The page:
Insulin was one of the first hormones to evolve in living things. Virtually all animals secrete insulin as a means of storing excess nutrients. It makes perfect sense that in a world where food was often scarce or non-existent for long periods of time, our bodies would become so incredibly efficient. How ironic, though, that it’s not fat that gets stored as fat – it’s sugar. And that’s where insulin insensitivity and this whole type 2 diabetes issue get confusing for most people…..

If we go back 10,000 or more years, we find that our ancestors had very little access to sugar – or any carbohydrates for that matter. There was some fruit here and there, a few berries, roots and shoots, but most of their carbohydrate fuel was locked inside a very fibrous matrix. In fact, some paleo-anthropologists suggest that our ancestors consumed, on average, only about 80 grams of carbohydrate a day. Compare that to the 350-600 grams a day in the typical diet/food today. The rest of their diet consisted of varying degrees of fat and protein. And as fibrous (and therefore complex) as those limited carbohydrate foods were, their effect on raising insulin was minimal. In fact, there was so little carbohydrate/glucose in our ancestor’s diet that we evolved four ways of making extra glucose ourselves and only one way of getting rid of the excess we consume!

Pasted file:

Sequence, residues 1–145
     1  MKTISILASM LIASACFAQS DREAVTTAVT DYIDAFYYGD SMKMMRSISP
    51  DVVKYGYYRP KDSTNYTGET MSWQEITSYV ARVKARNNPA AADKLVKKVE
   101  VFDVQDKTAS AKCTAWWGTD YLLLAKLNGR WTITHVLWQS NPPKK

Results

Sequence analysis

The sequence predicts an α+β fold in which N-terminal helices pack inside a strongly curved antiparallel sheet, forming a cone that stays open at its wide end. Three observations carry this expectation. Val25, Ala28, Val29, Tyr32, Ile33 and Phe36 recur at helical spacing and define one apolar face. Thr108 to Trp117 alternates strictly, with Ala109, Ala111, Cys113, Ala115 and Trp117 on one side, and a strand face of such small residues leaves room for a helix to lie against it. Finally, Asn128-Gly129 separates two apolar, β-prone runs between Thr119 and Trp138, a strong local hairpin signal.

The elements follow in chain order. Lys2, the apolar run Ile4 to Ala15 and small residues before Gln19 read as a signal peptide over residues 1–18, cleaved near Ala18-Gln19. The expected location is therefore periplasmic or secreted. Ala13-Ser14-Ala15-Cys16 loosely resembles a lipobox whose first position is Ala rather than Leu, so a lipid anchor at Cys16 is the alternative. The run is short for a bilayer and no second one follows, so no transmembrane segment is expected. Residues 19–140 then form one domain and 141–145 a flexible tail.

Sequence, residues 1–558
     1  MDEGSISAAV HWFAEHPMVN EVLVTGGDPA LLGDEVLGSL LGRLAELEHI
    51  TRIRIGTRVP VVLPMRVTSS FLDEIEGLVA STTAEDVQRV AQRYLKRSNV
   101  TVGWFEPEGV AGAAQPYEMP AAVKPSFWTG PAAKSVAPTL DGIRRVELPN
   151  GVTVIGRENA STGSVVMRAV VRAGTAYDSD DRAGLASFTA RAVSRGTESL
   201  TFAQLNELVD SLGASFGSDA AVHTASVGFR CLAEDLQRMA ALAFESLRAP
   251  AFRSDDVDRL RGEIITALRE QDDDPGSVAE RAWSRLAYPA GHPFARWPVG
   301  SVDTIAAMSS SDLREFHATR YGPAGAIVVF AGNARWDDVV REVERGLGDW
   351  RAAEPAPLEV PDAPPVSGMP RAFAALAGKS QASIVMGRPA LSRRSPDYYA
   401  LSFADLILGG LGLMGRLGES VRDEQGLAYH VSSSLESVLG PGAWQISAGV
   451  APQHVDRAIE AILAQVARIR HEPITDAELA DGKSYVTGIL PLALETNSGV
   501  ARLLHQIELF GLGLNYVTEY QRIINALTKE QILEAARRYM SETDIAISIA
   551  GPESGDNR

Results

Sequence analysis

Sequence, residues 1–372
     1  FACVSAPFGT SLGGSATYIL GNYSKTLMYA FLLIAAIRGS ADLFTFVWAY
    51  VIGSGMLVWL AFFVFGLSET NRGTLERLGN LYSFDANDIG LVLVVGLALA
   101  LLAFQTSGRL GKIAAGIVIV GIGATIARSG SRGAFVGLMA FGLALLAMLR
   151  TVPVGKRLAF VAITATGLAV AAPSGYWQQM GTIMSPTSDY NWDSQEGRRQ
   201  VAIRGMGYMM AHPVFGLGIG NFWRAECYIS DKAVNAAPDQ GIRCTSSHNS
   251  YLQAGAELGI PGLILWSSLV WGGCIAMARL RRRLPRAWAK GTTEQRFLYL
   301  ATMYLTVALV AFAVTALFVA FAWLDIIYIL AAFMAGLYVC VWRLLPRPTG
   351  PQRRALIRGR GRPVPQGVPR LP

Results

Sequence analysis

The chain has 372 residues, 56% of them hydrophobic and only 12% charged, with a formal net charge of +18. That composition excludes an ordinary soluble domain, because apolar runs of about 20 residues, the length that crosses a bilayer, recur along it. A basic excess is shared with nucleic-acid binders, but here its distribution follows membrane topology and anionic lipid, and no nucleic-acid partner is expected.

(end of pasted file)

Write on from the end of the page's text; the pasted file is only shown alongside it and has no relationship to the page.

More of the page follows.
Today when we eat too many carbohydrates, the pancreas pumps out insulin exactly as the DNA blueprint tell it to, but if the liver and muscle cells are already filled with glycogen, those cells start to become resistant to the call of insulin. The insulin “receptor sites” on the surface of those cells start to decrease in number as well as in efficiency. Since the glucose can’t get into the muscle or liver cells, it remains in the bloodstream. Now the pancreas senses there’s still too much toxic glucose in the blood, so it frantically pumps out even more insulin, which causes the insulin receptors on the surface of those cells to become even more resistant, because excess insulin is also toxic! Eventually, the insulin helps the glucose finds it way into your fat cells, where it is stored as fat. Again – because it bears repeating – it’s not fat that gets stored in your fat cells – it’s sugar.